In the 1950s and 1960s, one of the more successful television programs was "Dragnet." Even today, television stations that feature yesteryear reruns often show this police drama of Sgt. Joe Friday and Officer Bill Gannon solving crimes.
Sgt. Friday, always focused and well dressed, was noted for his no-
nonsense attitude and getting straight to the point of a matter. When questioning suspects and witnesses to a crime, Friday was noted for his patented phrase, "Just the facts ma’am."
If Joe Friday had not pursued a career in law enforcement, perhaps he would have been effective in market research. Get the facts. There are those businesses that thrive on accessing information and analyzing data and probabilities before a decision. Conversely, there are businesses that have little need for market research.
Of course, the gathering of intelligence is relevant to athletic teams (the New England Patriots), politicians, individuals at all levels of government and the military establishment as well as other groups that depend upon accurate information.
Whether it is millions or hundreds of dollars that will be spent, the data that is retrieved must be precise.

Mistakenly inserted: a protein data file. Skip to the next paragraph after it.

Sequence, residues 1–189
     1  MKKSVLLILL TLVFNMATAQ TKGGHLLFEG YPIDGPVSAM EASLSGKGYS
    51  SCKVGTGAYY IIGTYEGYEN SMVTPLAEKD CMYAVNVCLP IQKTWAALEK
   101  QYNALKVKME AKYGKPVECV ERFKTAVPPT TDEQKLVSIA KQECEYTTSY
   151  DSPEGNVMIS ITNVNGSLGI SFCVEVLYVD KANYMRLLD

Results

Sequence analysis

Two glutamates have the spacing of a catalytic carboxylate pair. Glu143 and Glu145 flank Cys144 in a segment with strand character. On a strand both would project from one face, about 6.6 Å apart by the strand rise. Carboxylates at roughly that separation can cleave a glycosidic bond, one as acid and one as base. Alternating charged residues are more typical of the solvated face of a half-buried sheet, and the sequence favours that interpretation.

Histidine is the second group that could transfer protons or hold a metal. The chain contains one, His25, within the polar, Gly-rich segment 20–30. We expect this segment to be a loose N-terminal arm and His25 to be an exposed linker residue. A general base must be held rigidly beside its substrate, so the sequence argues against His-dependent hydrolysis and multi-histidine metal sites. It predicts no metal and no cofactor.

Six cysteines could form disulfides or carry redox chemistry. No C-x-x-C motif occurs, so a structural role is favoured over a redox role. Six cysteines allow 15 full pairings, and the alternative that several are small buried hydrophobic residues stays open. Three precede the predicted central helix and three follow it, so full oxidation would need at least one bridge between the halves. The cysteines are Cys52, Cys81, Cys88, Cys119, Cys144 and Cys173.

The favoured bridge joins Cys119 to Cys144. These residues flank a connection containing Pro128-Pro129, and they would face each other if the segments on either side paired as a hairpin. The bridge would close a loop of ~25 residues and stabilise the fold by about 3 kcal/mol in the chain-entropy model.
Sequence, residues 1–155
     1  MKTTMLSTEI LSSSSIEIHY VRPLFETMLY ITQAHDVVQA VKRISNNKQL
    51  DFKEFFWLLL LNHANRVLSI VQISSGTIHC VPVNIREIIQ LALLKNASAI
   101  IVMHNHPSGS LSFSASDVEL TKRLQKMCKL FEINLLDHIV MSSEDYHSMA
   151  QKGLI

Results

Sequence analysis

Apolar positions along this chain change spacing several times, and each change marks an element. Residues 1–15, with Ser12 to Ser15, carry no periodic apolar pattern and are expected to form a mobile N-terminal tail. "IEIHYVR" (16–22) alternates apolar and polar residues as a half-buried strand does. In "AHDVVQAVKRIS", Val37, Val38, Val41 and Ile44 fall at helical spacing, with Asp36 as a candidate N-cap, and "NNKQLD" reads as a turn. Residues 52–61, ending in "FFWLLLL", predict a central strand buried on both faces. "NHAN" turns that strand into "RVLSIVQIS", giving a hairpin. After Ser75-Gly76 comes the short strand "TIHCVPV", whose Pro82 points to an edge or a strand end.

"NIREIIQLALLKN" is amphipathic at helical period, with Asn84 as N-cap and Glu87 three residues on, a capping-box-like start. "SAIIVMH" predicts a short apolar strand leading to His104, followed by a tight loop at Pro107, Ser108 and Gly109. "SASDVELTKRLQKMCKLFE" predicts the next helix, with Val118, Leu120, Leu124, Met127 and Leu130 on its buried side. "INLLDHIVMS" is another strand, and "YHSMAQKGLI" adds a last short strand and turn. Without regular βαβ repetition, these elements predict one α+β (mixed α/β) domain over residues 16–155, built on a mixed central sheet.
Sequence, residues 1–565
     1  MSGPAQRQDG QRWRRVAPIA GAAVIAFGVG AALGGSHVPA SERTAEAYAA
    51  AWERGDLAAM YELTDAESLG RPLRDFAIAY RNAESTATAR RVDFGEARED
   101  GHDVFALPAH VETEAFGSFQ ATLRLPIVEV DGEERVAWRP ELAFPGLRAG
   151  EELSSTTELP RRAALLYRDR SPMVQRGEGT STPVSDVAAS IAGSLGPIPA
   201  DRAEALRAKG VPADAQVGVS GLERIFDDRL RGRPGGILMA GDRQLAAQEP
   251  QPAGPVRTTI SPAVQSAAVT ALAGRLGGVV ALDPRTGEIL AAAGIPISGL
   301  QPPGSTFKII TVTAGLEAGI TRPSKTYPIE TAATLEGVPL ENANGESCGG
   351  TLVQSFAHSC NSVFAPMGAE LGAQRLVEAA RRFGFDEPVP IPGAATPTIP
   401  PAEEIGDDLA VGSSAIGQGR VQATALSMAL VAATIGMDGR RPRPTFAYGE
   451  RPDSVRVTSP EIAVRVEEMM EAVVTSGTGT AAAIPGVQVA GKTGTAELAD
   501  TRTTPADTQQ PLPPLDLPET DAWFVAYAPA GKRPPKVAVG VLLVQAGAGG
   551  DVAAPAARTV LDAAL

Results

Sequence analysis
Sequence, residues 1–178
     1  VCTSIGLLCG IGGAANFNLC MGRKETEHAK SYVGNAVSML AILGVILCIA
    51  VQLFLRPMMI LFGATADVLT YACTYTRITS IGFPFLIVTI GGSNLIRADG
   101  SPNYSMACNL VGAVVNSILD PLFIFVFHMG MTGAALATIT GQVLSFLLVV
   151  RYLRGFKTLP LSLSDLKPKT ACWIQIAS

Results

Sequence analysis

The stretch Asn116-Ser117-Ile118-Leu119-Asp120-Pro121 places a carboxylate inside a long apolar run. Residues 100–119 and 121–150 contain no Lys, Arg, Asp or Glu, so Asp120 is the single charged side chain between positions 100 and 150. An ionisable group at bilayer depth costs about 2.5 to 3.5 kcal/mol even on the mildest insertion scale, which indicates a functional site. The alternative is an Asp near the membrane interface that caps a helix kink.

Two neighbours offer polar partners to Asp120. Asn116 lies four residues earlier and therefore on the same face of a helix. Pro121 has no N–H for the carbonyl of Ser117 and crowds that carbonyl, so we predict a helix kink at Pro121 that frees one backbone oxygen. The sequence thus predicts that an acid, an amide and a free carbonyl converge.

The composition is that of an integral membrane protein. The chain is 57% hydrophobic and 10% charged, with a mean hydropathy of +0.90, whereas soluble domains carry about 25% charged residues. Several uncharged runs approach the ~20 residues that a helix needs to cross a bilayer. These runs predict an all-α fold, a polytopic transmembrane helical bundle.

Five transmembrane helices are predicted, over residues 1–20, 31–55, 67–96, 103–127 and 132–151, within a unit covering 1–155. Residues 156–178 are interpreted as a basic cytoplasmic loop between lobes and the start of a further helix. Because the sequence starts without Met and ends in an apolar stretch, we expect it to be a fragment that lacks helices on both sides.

Market research includes two segments, primary and secondary.
Primary research involves soliciting opinions directly from the people that a business is serving or wishes to serve. Through face-to-face interviews, telephone, computer and direct mail surveys, businesses can discover or validate opinions.
Another form of primary market research is the technique known as the focus group. A facilitator interviews similar groups of people. Predetermined questions are asked to the group. The members of the focus group may or may not be aware for what company the study is being conducted or how the data will be used.
Secondary research is just as the name implies. It is intelligence that comes to a business through trade associations and journals; reports from third parties, conferences, the Internet; and university-based research.
Thousands of dollars can be spent conducting a market research study. Market research can also be done on an inexpensive basis as well.
Suppose that a business owner wishes to know where his customers live. Simply have a drawing for a prize. To register, customers must fill out slips with their address and zip code. Another strategy would involve customer checks. Before making a bank deposit, collect information from the front of the check about the client. There are many other research techniques that can be implemented for a small cost.
It makes no difference if a business is a corporation or small business. Market research is critical to the success of all business operations.
J.C. Smith is a consultant for the Gainesville district office of the University of Georgia Small Business Development Center, 770-531-5681. His column appears Tuesdays and at gainesvilletimes.com.